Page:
This Team Is Connecting A Volcano To The Internet
The data from the sensors might help scientists better predict when volcanoes will erupt
A team of adventurers want to climb inside a volcano and fill it with gadgets—but they’re not the villains in an Austin Powers movie, rather scientists, hoping to better predict eruptions. Over the next two weeks, a team of adventurers will install 56 sensors inside a volcano to monitor it in real time, according to a press release about the project.
The volcano is called the Masaya Volcano, aka the “The Mouth of Hell,” in Nicaragua. It’s one of the most active volcanoes in the country—it’s erupted at least three times in the past decade. It’s erupting now, too, with a lake of lava welling up inside the caldera, a basin at the top of a volcano. And though its eruptions usually involve placid lava flows that ooze out of the volcano, Masaya sometimes explodes and can injure people nearby.
Studying volcanoes is dangerous work. Sometimes volcanologists gather samples of lava or gases from around or inside the volcano. But usually, to predict when one might erupt, volcanologists measure seismic activity, ground movements, and the volcano’s temperature. The work is safer, and the tools to monitor volcanoes are better than ever, but they still don’t enable researchers to predict eruptions completely accurately.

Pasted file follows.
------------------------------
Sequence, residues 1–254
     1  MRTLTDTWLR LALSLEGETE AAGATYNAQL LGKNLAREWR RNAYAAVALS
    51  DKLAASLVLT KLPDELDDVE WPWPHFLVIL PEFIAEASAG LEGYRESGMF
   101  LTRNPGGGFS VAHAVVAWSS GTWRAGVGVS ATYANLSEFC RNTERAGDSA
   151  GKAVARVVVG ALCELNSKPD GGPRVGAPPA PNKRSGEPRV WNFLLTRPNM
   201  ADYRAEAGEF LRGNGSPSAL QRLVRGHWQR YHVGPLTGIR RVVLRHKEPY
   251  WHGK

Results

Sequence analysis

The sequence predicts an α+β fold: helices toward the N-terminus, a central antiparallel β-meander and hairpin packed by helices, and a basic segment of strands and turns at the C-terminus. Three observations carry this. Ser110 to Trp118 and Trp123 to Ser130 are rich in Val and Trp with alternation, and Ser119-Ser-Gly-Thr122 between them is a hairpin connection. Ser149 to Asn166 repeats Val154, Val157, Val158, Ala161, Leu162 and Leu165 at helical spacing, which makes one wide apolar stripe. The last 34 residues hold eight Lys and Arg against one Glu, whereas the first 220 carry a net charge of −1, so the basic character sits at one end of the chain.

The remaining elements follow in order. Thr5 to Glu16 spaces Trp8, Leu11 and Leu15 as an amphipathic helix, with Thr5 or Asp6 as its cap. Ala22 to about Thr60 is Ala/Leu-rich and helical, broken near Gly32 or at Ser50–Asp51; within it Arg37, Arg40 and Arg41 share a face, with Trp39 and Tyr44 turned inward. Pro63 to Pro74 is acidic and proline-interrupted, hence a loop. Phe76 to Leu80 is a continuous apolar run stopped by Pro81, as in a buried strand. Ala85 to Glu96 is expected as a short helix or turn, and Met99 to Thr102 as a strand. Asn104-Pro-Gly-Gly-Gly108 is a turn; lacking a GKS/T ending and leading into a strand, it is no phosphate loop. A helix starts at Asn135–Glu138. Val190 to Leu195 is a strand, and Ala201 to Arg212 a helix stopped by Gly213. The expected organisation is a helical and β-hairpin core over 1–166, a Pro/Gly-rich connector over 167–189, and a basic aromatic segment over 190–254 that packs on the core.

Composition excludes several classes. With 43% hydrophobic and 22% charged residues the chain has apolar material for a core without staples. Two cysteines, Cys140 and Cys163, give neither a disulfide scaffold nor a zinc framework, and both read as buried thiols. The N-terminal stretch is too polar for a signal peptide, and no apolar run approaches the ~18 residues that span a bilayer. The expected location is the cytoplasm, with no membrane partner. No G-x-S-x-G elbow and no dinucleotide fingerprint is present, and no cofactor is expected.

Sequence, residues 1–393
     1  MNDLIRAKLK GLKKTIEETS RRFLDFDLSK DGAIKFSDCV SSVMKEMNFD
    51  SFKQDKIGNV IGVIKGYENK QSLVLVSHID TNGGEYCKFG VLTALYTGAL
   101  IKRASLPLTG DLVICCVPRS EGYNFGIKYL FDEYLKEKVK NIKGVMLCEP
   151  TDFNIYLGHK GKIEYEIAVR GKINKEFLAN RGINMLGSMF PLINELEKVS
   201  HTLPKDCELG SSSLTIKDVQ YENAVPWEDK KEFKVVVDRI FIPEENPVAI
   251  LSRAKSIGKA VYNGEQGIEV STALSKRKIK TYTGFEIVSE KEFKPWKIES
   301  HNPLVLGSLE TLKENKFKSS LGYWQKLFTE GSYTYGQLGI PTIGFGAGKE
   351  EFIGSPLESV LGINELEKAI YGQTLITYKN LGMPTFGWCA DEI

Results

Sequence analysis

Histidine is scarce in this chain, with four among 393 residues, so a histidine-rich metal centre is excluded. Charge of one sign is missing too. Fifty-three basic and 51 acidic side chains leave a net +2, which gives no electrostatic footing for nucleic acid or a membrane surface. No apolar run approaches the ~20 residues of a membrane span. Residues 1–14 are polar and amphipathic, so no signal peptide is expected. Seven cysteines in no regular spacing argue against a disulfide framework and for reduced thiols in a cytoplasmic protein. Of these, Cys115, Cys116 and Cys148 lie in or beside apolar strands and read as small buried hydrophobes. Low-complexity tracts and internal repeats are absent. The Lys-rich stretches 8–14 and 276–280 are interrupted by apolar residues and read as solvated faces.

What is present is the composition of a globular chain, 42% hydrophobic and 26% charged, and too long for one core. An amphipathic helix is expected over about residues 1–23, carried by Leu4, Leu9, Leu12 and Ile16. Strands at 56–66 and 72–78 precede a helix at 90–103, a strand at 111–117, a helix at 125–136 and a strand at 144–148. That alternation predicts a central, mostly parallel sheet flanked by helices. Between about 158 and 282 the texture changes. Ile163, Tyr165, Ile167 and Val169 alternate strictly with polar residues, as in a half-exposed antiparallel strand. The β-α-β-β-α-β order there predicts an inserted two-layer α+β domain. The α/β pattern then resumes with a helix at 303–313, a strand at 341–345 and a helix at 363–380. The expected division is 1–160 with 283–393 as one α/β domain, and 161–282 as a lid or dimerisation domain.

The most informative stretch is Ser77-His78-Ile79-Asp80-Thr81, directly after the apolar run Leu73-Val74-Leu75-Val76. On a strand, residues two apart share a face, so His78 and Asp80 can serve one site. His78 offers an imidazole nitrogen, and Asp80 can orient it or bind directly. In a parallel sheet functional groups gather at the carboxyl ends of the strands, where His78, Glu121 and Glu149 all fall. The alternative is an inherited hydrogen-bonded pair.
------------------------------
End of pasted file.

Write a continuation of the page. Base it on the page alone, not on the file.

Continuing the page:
Real-time monitoring and big data could change all that. The 56 sensors going into Masaya will keep track of the carbon dioxide levels, temperature, humidity, atmospheric pressure, and gravity over the next three months. All that data will be funneled into Predix, GE’s platform designed to make sense of big data (GE is subsidizing the project). At the end of the experiment, GE will release the data to developers who can come up with more sophisticated prediction algorithms.
There is, of course, the challenge of putting the sensors where they need to be. A team from Qwake, an organization with a mission to “[merge] groundbreaking scientific expeditions with cutting-edge technology to drive positive change” will use ropes to rappel down the 1,200 feet into Masaya to put them in place. They are posting videos of their stunt on Snapchat and are likely to use Facebook Live from inside the volcano on August 12.
The images from above and inside the volcano are cool to see. And it’s even better to know that the mission is ultimately one dedicated to scientific progress—and maybe even saving lives.